Op-ed: Zero Traffic Deaths in Oakland is an Empty Promise
If cities want to achieve Vision Zero, first they have to take the pledge seriously
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On average, two people are severely injured or killed in a traffic crash each week on Oakland city streets. Our brothers, sisters, grandparents, cousins, parents and friends are dying from something that we can prevent. Oakland’s Department of Transportation (OakDOT) was created five years ago in part to lower these numbers, but the level of carnage continues despite Oakland committing to “Vision Zero,” a plan to eliminate traffic-related fatalities.
The solutions that can make our streets safer also happen to make our communities more equitable, sustainable and prosperous; the question is whether the City of Oakland and OakDOT have the will to protect us. Based on how Oakland handles so many of our other vexing challenges, I’m not optimistic that Oakland will ever be a Vision Zero city.
For example, Oakland’s Department of Transportation “toolkit” to keep pedestrians, bus riders, and bicyclists safe only includes paint and plastic cones. Who do you think will win? General Motors’ 9,000 pound electric Hummer or your 120 pound grandma waiting to cross the street behind a one-pound plastic cone?
OakDOT should focus on not just “rapid responses” but effective responses to traffic violence. That requires physical barriers between cars and vulnerable road users, plus consistent traffic enforcement against the most flagrant violators. Unfortunately OakDOT and the City of Oakland seem unable to do either of these things.
Even when flush with money for capital projects, OakDOT delivers projects years late and with minimal protections for the most vulnerable road users. On just the recent projects completed or in the planning stages in my neighborhood of Clinton, OakDOT has created almost five miles of bicycles lanes but they still depend on paint; none of them physically protect bicyclists from dangerous or inattentive drivers.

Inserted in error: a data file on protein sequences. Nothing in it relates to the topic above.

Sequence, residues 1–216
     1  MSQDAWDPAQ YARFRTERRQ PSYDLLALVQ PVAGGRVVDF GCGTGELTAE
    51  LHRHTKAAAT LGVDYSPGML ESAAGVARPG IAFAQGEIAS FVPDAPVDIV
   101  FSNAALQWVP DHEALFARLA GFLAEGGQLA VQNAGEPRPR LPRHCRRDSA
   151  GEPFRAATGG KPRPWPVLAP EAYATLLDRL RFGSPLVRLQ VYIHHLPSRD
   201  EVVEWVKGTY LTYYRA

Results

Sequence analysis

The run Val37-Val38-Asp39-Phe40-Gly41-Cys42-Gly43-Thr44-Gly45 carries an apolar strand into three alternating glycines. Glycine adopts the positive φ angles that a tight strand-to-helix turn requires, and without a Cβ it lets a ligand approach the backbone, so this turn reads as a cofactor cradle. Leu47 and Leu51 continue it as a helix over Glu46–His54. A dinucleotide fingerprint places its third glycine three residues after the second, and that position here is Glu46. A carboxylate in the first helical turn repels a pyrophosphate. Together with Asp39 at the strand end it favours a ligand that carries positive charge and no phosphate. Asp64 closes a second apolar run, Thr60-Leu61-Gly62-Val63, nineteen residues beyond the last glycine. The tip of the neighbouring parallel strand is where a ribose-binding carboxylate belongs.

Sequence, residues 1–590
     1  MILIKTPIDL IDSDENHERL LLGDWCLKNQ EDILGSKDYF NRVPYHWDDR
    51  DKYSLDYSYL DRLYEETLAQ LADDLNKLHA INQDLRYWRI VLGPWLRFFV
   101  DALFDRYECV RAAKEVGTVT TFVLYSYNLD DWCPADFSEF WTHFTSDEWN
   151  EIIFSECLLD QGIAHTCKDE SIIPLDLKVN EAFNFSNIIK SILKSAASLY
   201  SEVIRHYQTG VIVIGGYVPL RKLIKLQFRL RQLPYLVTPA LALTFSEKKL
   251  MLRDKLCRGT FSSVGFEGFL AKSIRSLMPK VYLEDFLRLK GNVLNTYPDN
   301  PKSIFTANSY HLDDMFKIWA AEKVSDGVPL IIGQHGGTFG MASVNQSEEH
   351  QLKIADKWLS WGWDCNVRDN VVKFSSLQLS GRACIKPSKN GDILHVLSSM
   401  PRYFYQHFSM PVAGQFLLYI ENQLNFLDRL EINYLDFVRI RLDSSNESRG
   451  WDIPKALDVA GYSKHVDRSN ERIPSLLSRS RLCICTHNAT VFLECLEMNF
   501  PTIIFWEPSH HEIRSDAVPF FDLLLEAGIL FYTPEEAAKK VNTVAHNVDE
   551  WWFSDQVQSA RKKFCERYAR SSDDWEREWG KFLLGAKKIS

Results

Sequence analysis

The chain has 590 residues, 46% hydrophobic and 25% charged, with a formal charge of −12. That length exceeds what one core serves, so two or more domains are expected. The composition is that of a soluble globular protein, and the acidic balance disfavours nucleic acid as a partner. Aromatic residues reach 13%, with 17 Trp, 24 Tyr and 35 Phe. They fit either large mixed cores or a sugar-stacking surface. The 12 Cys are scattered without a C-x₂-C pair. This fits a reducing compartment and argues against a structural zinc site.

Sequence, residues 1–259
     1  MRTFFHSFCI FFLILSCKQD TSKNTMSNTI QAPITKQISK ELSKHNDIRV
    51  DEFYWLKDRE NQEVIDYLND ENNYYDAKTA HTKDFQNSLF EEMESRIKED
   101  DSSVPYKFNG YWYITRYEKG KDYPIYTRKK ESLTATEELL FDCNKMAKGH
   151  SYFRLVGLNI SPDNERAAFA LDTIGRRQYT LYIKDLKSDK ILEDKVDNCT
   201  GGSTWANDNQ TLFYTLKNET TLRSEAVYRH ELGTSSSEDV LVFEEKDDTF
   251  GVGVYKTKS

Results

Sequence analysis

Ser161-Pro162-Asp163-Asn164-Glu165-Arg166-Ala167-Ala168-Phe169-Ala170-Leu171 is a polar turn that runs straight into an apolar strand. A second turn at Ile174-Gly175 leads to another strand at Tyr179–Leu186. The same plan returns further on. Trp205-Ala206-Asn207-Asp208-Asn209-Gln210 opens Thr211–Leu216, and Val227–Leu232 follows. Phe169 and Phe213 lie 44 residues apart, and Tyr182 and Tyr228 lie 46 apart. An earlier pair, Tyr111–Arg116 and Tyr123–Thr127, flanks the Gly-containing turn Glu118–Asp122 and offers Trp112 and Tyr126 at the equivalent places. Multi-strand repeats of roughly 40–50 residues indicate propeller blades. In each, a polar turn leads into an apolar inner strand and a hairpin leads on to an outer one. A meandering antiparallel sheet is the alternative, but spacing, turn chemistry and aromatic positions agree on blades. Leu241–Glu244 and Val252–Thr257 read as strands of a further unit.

How can we encourage more people to travel sustainably by foot, bike or bus if you take your life into your hands every time you choose not to drive?
Lastly, in spite of Oakland making halting but meaningful progress in reducing discretionary and biased police stops over the last five years, the city decided last year to effectively stop any and all traffic enforcement. While OPD and enforcement are four-letter words in some circles, research shows that the certainty of punishment is a much more effective deterrent than the severity of the punishment.
When a ticket in the City of Oakland costs as little as $41 for blocking a bicycle lane with your car, do perceived social equity concerns trump the value of saving lives? Is saving $2 million a year in police overtime worth the cost of disbanding our Traffic Enforcement and Sideshow Enforcement units, in addition to eliminating two positions responsible for investigating the city’s 30-plus traffic deaths a year?
These are all hard questions that Oakland needs to ask itself when 25 percent of deadly crashes are caused by speeding and 33 percent of pedestrian deaths and severe injuries are caused by drivers refusing to yield at crosswalks.
In other words, does Oakland want to be a Vision Zero City or does it just want to talk about it?
Ryan Lester is a transit and Vision Zero advocate, a long-time Oakland resident, and recently served as a Co-Chair on the City’s Reimagining Public Safety Task Force.